Cynthia North Wells Hill
Cynthia (Cindy) North Wells Hill passed away October 19, 2019 in Huntsville, Alabama, from the devastating complications of Bulbar Onset Amyotrophic Lateral Sclerosis (ALS), aka Lou Gehrig's Disease.
Born on December 9, 1952, at Bolling AFB in Washington, DC, she was the daughter of an Air Force Colonel and a journalist. Cynthia was raised with her sister on Air Force bases in Texas, Kansas, Maine, Mississippi, and Ohio and spent many summers on her grandmother's farm outside Marshall, Virginia. Cynthia’s family roots run deep in Virginia where her mother’s family tree has grown for hundreds of years in Northern Fauquier, Rappahannock and Frederick Counties.
After graduating S.D. Lee High School in Columbus MS, she briefly attended Mississippi State University in Starkville, but left to take a job at a local travel agency. From there Cynthia landed a career at Delta Airlines as a flight attendant and soon moved into management. After Delta she took a senior position at Presidential Airlines and then was recruited by IATA (International Air Transport Association) where she travelled the world advising dozens of national carriers in the calculation of structure pricing vis a vis passenger loads.
After a long hiatus Cynthia returned to college in 2003 and earned a degree in American History from the University of Virginia in 2007. She had always been drawn to the subject throughout her life, and after graduating, Cynthia dug deeply into her family’s heritage and genealogy. She amassed and catalogued mountains of documents and photographs in both hard bound and digital family archives, thus ensuring their preservation for subsequent generations.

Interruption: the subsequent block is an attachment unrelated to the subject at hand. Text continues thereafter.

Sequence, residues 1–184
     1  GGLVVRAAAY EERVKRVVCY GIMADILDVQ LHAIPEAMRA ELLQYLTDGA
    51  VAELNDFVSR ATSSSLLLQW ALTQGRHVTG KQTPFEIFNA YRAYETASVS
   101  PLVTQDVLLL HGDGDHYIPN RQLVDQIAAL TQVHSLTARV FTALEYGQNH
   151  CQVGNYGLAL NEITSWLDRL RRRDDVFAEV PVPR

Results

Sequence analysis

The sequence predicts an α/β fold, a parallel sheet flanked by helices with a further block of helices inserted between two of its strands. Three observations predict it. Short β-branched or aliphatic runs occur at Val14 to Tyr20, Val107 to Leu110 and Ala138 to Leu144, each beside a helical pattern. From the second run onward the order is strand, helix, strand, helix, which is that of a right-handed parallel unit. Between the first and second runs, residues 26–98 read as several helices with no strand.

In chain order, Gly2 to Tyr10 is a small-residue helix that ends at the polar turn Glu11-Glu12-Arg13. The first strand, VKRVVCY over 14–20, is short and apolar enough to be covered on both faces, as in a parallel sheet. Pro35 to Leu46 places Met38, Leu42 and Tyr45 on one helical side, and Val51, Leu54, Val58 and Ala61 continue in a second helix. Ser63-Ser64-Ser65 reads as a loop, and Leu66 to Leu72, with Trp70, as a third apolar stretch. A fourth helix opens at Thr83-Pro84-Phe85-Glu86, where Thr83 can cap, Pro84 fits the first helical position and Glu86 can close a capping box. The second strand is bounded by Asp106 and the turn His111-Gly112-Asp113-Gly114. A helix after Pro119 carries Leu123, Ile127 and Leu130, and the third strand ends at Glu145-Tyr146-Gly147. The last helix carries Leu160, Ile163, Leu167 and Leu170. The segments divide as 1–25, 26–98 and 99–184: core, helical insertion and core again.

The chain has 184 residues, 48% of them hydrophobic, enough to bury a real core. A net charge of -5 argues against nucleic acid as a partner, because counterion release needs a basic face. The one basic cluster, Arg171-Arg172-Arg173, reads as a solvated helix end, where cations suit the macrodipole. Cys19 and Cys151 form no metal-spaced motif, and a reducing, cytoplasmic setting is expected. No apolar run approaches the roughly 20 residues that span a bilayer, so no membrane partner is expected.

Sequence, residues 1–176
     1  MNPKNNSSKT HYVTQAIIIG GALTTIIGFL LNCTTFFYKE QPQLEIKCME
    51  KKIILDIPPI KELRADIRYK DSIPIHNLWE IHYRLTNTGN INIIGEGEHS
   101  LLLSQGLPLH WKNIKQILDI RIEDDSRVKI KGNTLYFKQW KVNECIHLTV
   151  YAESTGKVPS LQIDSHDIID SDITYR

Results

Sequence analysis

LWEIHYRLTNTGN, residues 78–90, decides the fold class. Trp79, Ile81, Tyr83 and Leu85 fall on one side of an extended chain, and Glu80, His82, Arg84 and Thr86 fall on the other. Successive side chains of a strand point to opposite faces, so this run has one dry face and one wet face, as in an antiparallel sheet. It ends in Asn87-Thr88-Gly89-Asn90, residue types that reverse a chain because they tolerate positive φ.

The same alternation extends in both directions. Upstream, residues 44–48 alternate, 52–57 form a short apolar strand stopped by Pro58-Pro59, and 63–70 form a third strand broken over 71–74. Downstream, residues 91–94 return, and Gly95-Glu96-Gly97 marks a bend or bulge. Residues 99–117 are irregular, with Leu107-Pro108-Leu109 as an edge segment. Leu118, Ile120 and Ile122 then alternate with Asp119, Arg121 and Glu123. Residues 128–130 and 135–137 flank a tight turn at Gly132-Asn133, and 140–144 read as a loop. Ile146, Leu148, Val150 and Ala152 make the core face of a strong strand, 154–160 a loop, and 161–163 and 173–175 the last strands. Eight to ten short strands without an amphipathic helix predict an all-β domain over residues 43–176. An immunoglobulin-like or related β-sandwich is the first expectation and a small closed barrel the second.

Cynthia was a woman of many talents and passions. As a teenager she was a member of a water-skiing show team (the Stumpjumpers) in Mississippi. She was also a licensed pilot, an excellent horseman, world traveler, and wonderful mother. She restored at least three antebellum homes, stamping each of them with her unique sense of style and attention to detail. Her masterpiece was the Solomon DeBow Home (~1830's) in Gurley, Alabama, a magnificent two-story log house that had fallen into rack and ruin. Today, its beautifully restored exterior and magnificently appointed interior mark it as an extraordinary example of her superb skill and vision.
Cynthia was a great lover of animals (including human animals), and she supported countless animal rescues and causes over the years. She adopted dozens of homeless dogs, cats and horses. She served as Vice President of the Bucket Foundation, an animal welfare/rescue organization, and in that capacity, worked tirelessly to help abandoned and abused animals. She was also a compassionate rescuer of people, taking on the legal guardianship of two of them: a disabled cousin until his death, as well as a very sick childhood friend, whom Cynthia continued to serve as her financial and medical custodian up until the week of Cynthia's death.
Cynthia enjoyed many hobbies including reading (especially novels written in Spanish), gardening, cross country hiking (including the 500 mile Camino de Santiago Trail in Spain), horseback riding, cooking, sailing, skiing, entertaining, and Fantasy Football.
Cynthia is survived by her husband, her son, two stepsons, her sister and her husband, one niece, her two beloved dogs, Snickers and Biscuit, and her three horses, Joker, Chief, and Azadonya.